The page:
Capitalism in space: A demonstrator aerospike rocket engine being developed by ARCA Space is now ready [pdf] for ground tests.
The system will perform a series of ground tests that will ultimately qualify the engine for flight. After the ground tests, the same engine will be integrated into the Demonstrator 3 rocket that will perform a suborbital space flight up to an altitude of 120 km above the New Mexico desert. It will be the first ever flight of a linear aerospike engine and the first ever space flight of an aerospike engine.
Based on the results from these tests the company then intends to build a single-stage-to-orbit small rocket that they hope to fly by 2018.
Go to the company’s news website here to see some good images of the engine and the aerospike nozzle. It does not look like any typical rocket engine. If this effort is successful it will as significant a technological improvement to rocketry as SpaceX’s recovery and reuse of its Falcon 9 first stage.
ARCA Aerospace has announced that it will perform the first test flight reaching space of an aerospike rocket engine this coming August.
ARCA Space Corporation has announced the first test-launch of its Demonstrator 3 space vehicle at Spaceport America in August. This will mark the first space flight of an aerospike rocket engine. Aerospike rocket engines are described as significantly more fuel efficient than the current engines and could make launches attempting to bring satellite payloads to space more affordable. Demonstrator 3 will perform a suborbital space flight up to an altitude of 100 kilometers above the New Mexico desert.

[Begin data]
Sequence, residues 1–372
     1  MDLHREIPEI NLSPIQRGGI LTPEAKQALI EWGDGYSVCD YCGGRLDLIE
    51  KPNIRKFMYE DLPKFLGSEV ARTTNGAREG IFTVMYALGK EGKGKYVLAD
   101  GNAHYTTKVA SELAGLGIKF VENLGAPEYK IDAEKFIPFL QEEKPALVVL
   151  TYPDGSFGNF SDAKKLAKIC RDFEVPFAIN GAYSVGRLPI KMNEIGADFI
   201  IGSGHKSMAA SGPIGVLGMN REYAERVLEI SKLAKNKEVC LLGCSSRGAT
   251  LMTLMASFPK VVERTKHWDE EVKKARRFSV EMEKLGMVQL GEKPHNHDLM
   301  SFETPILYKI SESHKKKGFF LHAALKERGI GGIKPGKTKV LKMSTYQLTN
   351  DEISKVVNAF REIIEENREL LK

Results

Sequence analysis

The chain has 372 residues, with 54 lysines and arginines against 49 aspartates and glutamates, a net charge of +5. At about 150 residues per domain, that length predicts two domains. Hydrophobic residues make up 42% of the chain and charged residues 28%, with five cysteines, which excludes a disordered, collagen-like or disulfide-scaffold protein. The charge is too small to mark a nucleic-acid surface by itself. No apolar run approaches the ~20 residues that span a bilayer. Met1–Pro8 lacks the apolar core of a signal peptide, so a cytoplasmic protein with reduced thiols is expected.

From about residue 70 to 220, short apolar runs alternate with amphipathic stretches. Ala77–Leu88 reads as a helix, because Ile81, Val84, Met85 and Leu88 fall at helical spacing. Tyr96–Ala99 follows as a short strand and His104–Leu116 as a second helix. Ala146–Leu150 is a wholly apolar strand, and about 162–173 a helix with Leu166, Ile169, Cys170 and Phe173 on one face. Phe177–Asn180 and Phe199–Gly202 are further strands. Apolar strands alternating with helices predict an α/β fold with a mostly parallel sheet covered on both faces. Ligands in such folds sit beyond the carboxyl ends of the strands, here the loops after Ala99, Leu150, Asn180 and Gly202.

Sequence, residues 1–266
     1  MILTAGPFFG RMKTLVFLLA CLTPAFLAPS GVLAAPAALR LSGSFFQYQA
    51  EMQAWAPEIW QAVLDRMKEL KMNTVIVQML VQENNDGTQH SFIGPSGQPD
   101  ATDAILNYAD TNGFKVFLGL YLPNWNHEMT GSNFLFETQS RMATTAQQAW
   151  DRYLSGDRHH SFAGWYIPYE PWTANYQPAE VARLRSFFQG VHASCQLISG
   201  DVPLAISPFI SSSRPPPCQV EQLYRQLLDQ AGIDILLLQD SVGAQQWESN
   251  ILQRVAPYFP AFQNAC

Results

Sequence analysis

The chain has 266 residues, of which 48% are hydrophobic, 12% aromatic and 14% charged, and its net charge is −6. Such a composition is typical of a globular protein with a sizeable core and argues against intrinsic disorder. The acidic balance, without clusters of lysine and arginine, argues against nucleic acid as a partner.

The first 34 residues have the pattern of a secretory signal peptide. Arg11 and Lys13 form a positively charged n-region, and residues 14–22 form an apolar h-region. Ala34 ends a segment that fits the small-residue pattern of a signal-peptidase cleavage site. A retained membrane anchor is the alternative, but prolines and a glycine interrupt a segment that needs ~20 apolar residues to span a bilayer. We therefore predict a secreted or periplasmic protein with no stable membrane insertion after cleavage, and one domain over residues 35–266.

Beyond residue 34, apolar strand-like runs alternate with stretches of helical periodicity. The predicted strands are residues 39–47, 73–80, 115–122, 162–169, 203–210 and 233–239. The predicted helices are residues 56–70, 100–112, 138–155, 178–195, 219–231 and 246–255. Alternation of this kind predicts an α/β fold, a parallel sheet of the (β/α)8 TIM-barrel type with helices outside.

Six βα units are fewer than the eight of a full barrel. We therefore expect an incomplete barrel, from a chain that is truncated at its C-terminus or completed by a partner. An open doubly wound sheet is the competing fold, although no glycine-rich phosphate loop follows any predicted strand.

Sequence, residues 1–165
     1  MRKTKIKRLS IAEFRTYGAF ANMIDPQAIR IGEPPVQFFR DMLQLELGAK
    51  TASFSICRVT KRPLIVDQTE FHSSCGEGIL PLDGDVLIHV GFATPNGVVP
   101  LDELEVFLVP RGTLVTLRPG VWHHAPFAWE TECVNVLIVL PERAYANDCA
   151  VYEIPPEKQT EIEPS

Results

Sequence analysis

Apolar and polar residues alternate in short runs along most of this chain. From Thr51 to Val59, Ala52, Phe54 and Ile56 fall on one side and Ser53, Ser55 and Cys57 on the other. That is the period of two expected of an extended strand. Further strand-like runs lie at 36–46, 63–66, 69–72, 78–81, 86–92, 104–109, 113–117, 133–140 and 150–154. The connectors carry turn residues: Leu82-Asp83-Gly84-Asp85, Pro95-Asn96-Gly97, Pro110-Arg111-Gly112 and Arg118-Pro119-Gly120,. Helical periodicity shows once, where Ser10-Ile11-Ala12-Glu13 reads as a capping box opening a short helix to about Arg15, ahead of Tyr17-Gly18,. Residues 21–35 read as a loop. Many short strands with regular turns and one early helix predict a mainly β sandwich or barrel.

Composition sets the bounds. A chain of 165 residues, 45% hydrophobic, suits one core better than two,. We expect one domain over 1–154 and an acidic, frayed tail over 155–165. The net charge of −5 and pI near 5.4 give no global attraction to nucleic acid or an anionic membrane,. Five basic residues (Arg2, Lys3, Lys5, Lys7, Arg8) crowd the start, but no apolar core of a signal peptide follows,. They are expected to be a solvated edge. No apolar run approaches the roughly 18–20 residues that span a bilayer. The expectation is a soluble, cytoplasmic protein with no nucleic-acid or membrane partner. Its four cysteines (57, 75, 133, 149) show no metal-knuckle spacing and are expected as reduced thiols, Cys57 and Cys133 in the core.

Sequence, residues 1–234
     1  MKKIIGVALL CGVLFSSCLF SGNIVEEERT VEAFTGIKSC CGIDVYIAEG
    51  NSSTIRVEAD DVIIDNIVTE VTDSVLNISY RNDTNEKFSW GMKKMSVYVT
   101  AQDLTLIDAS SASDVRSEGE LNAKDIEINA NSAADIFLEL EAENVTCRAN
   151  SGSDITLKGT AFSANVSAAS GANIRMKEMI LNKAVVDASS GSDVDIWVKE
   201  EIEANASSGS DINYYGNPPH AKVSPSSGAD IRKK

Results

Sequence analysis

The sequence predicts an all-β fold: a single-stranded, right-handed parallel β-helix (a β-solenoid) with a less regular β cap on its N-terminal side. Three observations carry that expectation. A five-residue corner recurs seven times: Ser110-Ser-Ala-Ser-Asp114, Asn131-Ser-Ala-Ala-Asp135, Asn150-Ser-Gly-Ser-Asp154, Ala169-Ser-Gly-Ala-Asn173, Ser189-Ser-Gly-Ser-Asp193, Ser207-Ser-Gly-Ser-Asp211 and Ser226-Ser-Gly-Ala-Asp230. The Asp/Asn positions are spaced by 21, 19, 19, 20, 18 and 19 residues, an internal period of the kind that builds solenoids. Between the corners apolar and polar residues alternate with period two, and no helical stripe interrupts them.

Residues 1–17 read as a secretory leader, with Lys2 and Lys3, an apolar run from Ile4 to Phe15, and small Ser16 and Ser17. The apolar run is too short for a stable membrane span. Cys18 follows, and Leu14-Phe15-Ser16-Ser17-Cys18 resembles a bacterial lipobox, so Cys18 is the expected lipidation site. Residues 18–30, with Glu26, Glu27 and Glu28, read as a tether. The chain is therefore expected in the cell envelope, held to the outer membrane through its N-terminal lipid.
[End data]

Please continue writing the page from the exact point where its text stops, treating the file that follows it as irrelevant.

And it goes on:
Their goal is to build a rocket they have dubbed Haas 2CA for the smallsat industry.
There is an interesting video at the link from the company showing their engineers hand-building this first suborbital test rocket, which the company also says is the first of a weekly series leading up to the test launch. More information about the company can be found at their website. According to their schedule, they hope to make the first orbital flight in 2018, and begin commercial operations by the end of that year.